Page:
Warmup basketball drill: BRAIDS 3 COURTS

Warmup basketball drill: BRAIDS 3 COURTS

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Name: Braids 3 courts

Type: warmup, conditioning, fast break

Number of players: 6+

Time: 6-8min

Age of players: 12+

Equipment: 2+ balls, 2 cones

Main goals

This exercise is one of the type of 3 player weaves. The first objective I want to achieve with this fast break basketball drill is to do a little warmup on court.

I usually plan this exercise for the days we are not doing an outside court conditioning session before practice. Despite of always doing some soft warning up before getting in touch with the ball, “Braids 3 courts” helps the team to get focused on the practice while doing some in court conditioning.

It also helps with the fast break training and we can add some secondary goals. For example it is also useful as a fast break passing drill, for receptions and dribble starting while moving practice and for train how to finish to the rim.

When and how to use this basketball training drill

I tend to use “Braids 3 courts” as the first exercise of some of my basketball training sessions. It really helps getting the players focused and ready for the main part of our practice.

In my opinion it is easy enough to be done on youth teams, but maybe it is a bit long for young basketball players under 12 years. Do not take this as a golden rule, it always depends on the team itself. With younger teams, I would recommend to use some easier drills like “simple braids”, “shooting braids” or other similar 3vs0 fast break exercises.

The minimum number of players required to do this exercise is 6, but optimal number would be 9 or 12. Despite of being better to have a number of basketball players multiple of 3 (6, 9, 12) it is not required as we will see in the description of the drill.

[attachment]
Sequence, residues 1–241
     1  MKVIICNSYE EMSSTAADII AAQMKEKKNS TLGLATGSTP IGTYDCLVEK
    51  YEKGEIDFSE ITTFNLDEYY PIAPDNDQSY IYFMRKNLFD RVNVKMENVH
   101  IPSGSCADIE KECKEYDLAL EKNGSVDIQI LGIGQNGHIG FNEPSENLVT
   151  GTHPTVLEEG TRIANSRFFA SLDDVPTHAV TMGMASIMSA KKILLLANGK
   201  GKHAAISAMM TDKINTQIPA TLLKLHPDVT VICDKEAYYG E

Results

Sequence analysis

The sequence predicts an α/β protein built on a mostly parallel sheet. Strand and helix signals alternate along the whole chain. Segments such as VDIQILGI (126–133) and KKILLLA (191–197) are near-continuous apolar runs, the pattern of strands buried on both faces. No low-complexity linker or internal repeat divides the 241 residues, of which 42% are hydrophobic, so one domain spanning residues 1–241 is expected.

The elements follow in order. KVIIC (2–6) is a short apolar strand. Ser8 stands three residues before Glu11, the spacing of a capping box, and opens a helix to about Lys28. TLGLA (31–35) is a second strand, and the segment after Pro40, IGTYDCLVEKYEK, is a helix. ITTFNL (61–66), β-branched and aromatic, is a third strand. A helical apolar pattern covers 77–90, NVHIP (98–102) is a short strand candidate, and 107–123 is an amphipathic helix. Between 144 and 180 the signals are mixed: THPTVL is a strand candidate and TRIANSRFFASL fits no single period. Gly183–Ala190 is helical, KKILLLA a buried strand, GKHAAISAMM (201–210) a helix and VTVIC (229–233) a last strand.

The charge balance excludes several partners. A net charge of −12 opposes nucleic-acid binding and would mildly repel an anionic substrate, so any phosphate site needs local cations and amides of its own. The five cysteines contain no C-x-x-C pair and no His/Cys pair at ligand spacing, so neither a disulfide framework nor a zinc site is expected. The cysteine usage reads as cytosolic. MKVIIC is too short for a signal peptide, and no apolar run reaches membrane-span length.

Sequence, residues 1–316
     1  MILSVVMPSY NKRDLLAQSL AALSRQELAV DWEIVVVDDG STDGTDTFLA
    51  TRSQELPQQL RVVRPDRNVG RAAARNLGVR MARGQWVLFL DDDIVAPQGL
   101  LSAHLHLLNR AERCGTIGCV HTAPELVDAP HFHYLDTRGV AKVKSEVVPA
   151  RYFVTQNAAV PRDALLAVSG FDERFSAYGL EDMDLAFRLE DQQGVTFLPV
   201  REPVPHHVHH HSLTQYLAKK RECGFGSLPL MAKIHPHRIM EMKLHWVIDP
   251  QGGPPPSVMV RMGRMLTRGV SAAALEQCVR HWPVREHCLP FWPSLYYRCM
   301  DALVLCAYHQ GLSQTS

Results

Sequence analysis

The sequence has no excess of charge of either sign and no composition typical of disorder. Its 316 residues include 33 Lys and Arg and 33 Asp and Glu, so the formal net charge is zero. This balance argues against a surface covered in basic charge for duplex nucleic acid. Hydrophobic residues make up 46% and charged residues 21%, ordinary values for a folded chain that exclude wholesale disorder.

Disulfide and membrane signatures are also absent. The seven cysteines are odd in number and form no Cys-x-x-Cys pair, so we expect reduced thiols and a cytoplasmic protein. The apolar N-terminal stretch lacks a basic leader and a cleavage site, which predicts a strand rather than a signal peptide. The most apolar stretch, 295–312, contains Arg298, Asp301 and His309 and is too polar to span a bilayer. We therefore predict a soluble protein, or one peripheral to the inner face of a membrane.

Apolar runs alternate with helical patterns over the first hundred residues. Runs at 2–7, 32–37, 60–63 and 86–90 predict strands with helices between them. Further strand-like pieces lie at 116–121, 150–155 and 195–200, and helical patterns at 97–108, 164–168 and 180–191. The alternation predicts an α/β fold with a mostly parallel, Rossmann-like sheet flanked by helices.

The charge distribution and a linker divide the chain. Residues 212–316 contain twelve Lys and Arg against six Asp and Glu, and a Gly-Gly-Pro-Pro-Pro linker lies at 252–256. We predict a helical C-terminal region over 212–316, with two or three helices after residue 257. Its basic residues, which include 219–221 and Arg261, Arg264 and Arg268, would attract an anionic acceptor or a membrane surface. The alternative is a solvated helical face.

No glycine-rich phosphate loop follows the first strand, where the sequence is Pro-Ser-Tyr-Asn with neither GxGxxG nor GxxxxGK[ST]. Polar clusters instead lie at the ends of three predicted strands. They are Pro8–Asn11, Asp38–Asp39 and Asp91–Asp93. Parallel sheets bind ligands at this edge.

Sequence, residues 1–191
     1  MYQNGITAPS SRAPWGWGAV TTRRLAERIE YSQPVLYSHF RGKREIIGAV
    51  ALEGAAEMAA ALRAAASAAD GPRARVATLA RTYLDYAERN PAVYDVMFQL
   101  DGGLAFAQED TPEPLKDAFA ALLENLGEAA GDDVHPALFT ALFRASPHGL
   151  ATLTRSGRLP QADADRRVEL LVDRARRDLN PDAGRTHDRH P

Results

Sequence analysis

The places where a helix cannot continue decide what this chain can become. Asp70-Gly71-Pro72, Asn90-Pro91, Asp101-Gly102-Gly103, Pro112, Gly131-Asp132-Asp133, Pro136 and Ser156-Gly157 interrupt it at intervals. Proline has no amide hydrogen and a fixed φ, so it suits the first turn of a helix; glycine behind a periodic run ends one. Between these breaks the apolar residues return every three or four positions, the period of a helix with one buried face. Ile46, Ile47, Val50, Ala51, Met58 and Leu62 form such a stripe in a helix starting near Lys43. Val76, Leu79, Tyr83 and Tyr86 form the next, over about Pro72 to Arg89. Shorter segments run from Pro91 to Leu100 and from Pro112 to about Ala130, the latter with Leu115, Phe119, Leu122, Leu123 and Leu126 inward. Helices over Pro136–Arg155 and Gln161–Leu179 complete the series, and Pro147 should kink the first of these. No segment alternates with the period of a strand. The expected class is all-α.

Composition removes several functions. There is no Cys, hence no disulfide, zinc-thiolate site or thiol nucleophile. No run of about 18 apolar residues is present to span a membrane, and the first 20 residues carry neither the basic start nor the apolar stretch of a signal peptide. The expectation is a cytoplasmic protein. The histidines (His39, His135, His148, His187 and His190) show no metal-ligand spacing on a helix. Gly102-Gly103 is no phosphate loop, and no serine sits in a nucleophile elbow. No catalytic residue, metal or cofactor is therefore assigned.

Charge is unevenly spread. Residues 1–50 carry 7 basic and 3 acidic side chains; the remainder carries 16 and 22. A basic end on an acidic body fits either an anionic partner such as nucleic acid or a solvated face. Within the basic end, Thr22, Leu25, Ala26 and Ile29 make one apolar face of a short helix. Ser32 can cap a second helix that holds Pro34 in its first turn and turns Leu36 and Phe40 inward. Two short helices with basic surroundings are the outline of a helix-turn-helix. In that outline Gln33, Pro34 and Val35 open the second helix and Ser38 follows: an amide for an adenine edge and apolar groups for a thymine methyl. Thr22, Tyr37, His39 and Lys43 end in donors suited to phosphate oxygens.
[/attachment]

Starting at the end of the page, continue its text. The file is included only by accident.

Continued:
One thing I want to point out is that giving names to your basketball exercises will help you to avoid losing time on your basketball training sessions.
Talking about time, I try to not be running this exercise for more than 6-8 minutes. If you do this drill longer than that, your players will get bored and his attention will be lost.


This is a simple 3vs0 drill. All you need are 3 players, 2 balls and 2 cones.

Players get distributed in 3 queues in the baseline. Players in the middle queue should have a ball. There are required at least 2 balls to be able to work good enough.

This exercise starts when the player in the center (1) passes the ball to the right side player (2). When he receives the ball, it should be passed again to the other player (3) who does a lay up.

The first pass player (1) always surrounds de cone and runs the court again. The second passer (2) goes for the rebound before it bounces on the floor. The player who scores (3), just runs open to get the first pass.


breads 3 courts, sketch 1



Then, we have the same exact situation of the begining. One player with the ball on the center (2) and 2 players that are running on the wings (1, 3).

So we repeat the process again: the player in the middle passes the ball to the one who have just scored (3). This player passes the ball to the player running in the opposite side of the court (1) who atack the rim. First passer(2) surrounds the cone and runs, second passer(3) goes for the rebound and the player who scores(1), runs open again.



Another time we get the same player positions so we do exactly the same for the third time.

I like to run the court 3 times for 2 main reasons:
  • Every player does a lay up, the first pass or the second pass just one time.
  • 3 courts has a grat transference from the game itself (There is usually one break in a real game every 3-5 possessions).


The players rotation is pretty simple. Each player should go to the next queue on his right. If there is no queue there, just go to the far left queue again.

Training tips and variations

As a basketball coach, you can change some small things depending on your secondary goals. Some examples are:

  • Obligate to dribble just once every time a player receives the ball (specific training for starting dribble while running)
  • Do not allow to dribble at all. This forces the players to look where his teammates are before receiving the ball.
  • Change the regular lay up for other ways to attack the rim.
  • Change the pass type: you can force bounce passes, one-handed passes after dribbling..

For my experience, there are 2 tips with this exercise:

  • Do an example. It is way more complicated to explain that to understand the exercise while seeing the players on the court.
  • Do not run this drill during too much time. It should be a high intensity exercise, if players get bored it will not be useful.



What do you think about this basketball training drill? do you use something similar? share your thoughts!

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